Before she gave birth to a Tank, Mia Young was born in New Orleans’ 7th Ward in January 1970, growing up in the established musical Mecca known primarily for jazz. Throughout the late 70’s and early 80’s, however, another art form rooted in the streets of the Bronx, NY, was beginning to grip the nation’s youth. Hip hop provided an outlet for young, aspiring MCs to showcase their rhymes and life experiences, while also highlighting their region’s spin on the developing genre. New Orleans was no different.
Young, who in her early teens was now going by the stage name Mia X, originally founded and fronted a group called New York Incorporated in the mid-80’s with friends DJ Wop, Denny D and another young DJ by the name of Mannie Fresh. The group, along with incredibly influential artists like Gregory D, soon became a fixture in the city’s growing hip hop community. It wasn’t until 1992 though that Mia began experiencing her first real taste of success with a record titled “Da Payback.”
By the early 90’s, New Orleans’ own bounce music, an infectious sub-genre that catered to project parties and clubs, was the only thing getting real air play in the city. If it wasn’t bounce it wasn’t big. Male-dominated and often known for clowning women, Mia’s “Payback” was a scathing response to all wannabe pimps and players but above all, was a genuinely hot record. Mia’s mic presence was natural but “Da Payback” all but confirmed she could also out-rap anyone. The song’s growing buzz put Mia on the road performing throughout the south and garnering modest attention from record labels, including one black-owned company based in Richmond, California.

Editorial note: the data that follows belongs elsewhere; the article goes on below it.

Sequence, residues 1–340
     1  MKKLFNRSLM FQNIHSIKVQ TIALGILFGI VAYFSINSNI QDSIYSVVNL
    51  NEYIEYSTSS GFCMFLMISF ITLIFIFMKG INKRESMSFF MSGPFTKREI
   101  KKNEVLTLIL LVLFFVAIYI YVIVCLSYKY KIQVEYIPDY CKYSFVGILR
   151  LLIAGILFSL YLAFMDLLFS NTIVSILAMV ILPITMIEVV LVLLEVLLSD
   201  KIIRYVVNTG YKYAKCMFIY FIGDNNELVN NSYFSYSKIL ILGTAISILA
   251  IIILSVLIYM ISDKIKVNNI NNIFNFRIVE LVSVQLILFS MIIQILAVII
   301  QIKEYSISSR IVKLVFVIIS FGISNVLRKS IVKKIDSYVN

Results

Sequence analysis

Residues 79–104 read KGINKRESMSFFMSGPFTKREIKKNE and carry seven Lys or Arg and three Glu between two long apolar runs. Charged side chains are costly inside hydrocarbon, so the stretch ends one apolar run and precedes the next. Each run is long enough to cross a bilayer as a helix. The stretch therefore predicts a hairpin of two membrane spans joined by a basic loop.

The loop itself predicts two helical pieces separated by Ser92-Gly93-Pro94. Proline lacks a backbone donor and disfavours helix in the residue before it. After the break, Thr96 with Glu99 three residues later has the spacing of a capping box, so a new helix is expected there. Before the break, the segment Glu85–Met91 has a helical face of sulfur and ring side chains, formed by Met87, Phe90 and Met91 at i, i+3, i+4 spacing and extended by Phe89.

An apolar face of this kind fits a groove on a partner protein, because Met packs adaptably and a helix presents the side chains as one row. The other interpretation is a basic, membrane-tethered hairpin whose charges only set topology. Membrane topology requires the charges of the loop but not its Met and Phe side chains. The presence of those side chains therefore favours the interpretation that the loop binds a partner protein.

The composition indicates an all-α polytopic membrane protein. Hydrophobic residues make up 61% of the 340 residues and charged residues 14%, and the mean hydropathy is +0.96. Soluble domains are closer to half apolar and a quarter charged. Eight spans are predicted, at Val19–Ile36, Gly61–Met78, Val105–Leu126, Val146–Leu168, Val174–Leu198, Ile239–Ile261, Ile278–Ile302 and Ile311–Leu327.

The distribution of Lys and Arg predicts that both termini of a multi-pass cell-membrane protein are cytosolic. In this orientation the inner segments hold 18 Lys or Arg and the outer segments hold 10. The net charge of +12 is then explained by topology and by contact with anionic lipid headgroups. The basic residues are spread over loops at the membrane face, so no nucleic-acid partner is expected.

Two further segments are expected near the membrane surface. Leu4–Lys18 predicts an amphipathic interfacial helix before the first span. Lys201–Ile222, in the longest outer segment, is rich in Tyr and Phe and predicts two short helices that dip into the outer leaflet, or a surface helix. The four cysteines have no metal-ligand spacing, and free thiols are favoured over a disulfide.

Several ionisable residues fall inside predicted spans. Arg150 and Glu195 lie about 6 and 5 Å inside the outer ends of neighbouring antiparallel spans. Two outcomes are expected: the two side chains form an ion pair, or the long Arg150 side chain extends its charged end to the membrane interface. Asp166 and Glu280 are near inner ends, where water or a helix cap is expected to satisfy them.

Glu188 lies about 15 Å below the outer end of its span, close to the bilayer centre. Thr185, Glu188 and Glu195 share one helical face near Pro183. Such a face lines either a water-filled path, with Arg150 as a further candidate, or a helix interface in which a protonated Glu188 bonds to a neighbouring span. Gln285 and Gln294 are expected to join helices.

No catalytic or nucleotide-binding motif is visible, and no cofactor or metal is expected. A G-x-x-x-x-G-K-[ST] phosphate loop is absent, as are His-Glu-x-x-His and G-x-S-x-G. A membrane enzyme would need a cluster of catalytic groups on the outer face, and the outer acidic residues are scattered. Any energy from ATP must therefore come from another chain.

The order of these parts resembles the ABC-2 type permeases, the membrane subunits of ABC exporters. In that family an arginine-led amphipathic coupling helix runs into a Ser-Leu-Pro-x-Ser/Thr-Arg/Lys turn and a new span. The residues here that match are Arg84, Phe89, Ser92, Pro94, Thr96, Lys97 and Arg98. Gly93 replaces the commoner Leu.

Master P, born in New Orleans’ Calliope Projects, founded No Limit Records in the Bay Area but was now back in The Boot looking to pluck some homegrown talent and establish a flagship female act for his label. With the streets still sizzling from “Da Payback”, P approached Mia and convinced her to come out to Cali for some session work and contributions to upcoming projects. Impressed with P’s stable of Bay Area beat-makers but not wanting to abandon her musical identity, Mia introduced the No Limit CEO to an up-and-coming producer by the name of KLC.
With the addition of KLC and P’s cousin, Mo B. Dick, to the label’s production crew, the No Limit sound started to take shape throughout 1994 and 1995. After the surprising success of Master P’s group, TRU (which now featured Mia as a full-fledged member) and their summer smash “I’m Bout It”, No Limit began promoting and preparing for Mia’s debut album, Good Girl Gone Bad. The project, released in late 1995, was a regional success but, most importantly, solidified Mia X as the premiere lyricist on the Tank.